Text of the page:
Ancient Gold Hoards of the Celtic El Dorado
The legendary lost city of gold, El Dorado, has drawn over 500 formal treasure recovery teams to South America over the last 500 years and over 3,000 people have been lost searching for ancient golden goblets and sun disks, and while the jungles of that continent are laden with gold so too are the fields, rivers and ancient landscapes of the northern Celts of modern day Ireland, Wales and Scotland.
Waterford County (right) on the south-west coast of Ireland ( Public Domain )
Ireland’s Gold Coast
Mountains and rivers holding gold deposits were well known to ancient inhabitants of Ireland around 2500-500 BC and more Bronze Age gold hoards have been found in Ireland than anywhere else in Europe. The county of Waterford, from Dungarvan to Stradbally is known locally as the ‘Gold Coast’ for its high gold values in streams but unfortunately, this knowledge of gold has been lost through thousands of years of immigration and very little gold mining happens in the country today. A rule of thumb, however, is that Irish place names containing the word ‘ór’ probably seemed stemmed from gold ‘ore’.
Gold lunula from Blessington, Co Wicklow (Early Bronze Age, circa 2400 BC – 2000 BC) ( CC BY-SA 3.0 )
There have been a number of treasure hoards in Ireland and in 2018 the ‘heaviest ever treasure hoard in the country’s history’ was recovered and is now on display at the National Museum of Ireland. An Irish Times article from July 2018 announced: “Investigations by experts at the museum have confirmed four gold rings which were part of the hoard unearthed in Donegal earlier this year, date to the late Bronze Age.” Weighing over four kilograms (8.8 pounds) and valued at 250,000 euros ($279,735) the gold was discovered in a field in Tullydonnell Lower, near Convoy in East Donegal, in what was called “excellent, near-perfect condition” and was dated to approximately 1200 BC to 800 BC.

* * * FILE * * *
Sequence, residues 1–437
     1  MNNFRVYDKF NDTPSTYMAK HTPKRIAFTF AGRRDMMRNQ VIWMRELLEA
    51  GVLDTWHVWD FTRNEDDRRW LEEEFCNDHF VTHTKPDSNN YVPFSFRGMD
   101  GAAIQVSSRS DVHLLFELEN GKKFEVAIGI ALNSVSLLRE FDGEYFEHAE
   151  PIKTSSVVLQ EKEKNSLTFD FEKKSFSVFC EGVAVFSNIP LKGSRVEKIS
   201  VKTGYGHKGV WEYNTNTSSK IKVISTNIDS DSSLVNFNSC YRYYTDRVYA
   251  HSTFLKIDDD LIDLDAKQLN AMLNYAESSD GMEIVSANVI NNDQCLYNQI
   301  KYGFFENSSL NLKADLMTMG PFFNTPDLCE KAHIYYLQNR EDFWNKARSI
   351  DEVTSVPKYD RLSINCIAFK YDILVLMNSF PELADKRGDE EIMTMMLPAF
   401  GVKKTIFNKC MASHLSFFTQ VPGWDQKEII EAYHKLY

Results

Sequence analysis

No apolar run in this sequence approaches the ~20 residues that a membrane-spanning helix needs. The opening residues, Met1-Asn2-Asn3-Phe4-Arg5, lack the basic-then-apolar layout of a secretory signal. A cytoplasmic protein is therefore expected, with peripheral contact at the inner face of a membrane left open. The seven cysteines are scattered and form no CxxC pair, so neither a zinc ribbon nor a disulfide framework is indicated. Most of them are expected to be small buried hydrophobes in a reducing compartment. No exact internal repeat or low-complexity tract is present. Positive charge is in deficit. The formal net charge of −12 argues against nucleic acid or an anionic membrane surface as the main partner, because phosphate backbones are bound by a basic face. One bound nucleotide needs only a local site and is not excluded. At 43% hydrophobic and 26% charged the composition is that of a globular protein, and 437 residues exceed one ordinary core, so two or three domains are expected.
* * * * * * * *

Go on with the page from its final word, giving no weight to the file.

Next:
The four gold rings recovered from County Donegal, Ireland. Source: Caroline Carr, Donegal County Museum.
These gold overlapping circular rings are often called ‘arm bands’ because of their size, but other specialists think it more likely gold that was shaped in this fashion was a means to store wealth. A spokesperson for the Donegal County Museum told the BBC: “I personally don't think they are bracelets - they wouldn't even fit up my arm,” which led to speculation that the golden rings might be some form of ancient currency.
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Ashley Cowie is a Scottish historian, author and documentary filmmaker presenting original perspectives on historical problems, in accessible and exciting ways. His books, articles and television shows explore lost cultures and kingdoms, ancient crafts and artifacts, symbols and architecture, myths and legends telling thought-provoking stories which together offer insights into our shared social history . www.ashleycowie.com.
By Ashley Cowie